Prove $\sum\limits_{n=0}^\infty\frac{x^n}{n!}=\lim\limits_{n\rightarrow\infty}\left(1+\frac{x}{n}\right)^n$ [duplicate]

$$x\in\mathbb{R}$$. I can prove that both sides converge, and maybe we should show $$\limsup\limits_{n\rightarrow\infty}\left|\sum\limits_{k=0}^{n}\frac{x^k}{n!}-\left(1+\frac{x}{n}\right)^n \right|<\varepsilon$$, but the construction of the right hand side is a little tricky for me.

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• Show that they both solve the differential equation $f'(x) = f(x)$ with initial condition $f(0) = 1$ (the solution is unique; this isn't hard to prove). The LHS solves it by finding its Taylor series and the RHS solves it using Euler's method. – Qiaochu Yuan Nov 18 '18 at 22:15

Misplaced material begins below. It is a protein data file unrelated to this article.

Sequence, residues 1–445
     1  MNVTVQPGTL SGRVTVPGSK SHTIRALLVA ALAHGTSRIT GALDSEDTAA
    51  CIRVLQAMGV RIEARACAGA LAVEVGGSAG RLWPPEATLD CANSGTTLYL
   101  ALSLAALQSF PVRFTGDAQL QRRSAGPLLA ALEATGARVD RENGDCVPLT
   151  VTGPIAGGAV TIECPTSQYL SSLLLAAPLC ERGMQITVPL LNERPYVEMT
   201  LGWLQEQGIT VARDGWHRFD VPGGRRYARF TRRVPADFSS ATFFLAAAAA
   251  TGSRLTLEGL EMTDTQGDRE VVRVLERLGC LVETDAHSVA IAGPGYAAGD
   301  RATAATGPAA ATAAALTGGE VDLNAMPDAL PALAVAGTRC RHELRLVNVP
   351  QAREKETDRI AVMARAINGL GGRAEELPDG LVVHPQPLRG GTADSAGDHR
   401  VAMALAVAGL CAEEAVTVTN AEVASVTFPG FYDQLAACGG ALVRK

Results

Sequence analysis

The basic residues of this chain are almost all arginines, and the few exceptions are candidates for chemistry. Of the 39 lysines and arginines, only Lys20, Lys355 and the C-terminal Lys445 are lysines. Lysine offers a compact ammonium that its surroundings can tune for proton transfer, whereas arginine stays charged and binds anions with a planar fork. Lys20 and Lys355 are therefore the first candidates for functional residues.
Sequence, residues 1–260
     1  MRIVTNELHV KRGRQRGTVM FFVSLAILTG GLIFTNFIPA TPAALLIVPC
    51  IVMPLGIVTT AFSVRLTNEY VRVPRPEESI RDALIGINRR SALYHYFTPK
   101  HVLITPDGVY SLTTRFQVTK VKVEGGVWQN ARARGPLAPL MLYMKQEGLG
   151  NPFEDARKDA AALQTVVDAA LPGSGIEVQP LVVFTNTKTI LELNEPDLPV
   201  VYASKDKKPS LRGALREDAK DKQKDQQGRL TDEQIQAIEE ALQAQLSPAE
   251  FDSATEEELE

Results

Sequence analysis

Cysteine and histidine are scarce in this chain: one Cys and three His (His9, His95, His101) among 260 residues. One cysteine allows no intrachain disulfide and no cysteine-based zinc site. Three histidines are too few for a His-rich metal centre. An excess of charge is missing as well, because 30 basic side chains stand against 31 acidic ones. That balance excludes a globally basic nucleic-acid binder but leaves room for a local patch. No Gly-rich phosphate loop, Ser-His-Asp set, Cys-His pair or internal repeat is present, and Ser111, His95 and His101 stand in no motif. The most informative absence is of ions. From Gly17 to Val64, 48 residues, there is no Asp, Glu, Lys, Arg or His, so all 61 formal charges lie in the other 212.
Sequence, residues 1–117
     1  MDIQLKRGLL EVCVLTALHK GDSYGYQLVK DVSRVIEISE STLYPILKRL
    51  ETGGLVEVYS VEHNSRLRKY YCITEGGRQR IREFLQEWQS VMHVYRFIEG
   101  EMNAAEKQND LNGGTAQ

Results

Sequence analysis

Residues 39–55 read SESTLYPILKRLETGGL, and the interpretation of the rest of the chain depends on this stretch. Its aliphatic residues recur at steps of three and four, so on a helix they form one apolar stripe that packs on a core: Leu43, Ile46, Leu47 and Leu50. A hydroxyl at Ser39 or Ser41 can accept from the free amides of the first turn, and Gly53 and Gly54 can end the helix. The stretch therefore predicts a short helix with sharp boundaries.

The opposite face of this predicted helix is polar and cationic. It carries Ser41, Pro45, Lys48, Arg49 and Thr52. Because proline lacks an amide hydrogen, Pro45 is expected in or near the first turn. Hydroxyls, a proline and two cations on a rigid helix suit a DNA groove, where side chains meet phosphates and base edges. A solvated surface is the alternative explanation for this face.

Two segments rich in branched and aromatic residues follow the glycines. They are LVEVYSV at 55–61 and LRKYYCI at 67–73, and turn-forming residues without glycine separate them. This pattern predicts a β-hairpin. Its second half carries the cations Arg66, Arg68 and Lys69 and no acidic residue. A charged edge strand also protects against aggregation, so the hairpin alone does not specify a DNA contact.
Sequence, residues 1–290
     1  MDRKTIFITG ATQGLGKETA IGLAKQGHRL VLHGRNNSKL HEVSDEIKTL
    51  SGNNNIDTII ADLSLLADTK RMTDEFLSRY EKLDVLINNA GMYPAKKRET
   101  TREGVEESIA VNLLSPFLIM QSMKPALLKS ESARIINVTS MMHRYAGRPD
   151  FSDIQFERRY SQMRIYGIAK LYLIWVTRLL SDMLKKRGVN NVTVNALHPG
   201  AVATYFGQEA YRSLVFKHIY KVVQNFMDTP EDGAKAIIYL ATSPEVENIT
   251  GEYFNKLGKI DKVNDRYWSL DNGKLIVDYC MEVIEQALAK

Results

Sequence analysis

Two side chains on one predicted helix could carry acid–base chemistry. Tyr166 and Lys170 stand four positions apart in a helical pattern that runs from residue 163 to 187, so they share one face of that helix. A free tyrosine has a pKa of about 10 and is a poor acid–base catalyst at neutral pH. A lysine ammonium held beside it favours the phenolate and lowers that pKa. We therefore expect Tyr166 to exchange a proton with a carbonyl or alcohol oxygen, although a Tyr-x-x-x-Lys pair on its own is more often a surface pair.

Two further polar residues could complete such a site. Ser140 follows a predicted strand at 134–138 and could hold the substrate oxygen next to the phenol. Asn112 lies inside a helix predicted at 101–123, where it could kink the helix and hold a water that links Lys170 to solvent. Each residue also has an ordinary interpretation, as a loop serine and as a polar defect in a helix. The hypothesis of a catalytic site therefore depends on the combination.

• Expand the right side (binomial expansion) and match up term by term (powers of $x$) to the left side. – herb steinberg Nov 18 '18 at 22:24

(1) Define $$\exp(x)$$ to be the unique solution to $$y' = y$$ with $$y(0) = 1$$. Let $$\log$$ denote its inverse (which exists because $$\exp$$ is increasing).
(2) Use uniqueness of $$\exp$$ to show that $$\exp(x + y) = \exp(x) \exp(y)$$ and thus $$\log(xy) = \log(x) + \log(y)$$.
(3) Use the defining differential equation of $$\exp$$ to show that $$\exp(x) = \sum x^n/n!$$.
(4) Use the definition of $$\log$$ to show that $$\log'(1) = 1$$, then compute the log of the right-hand limit with l'Hopital's rule.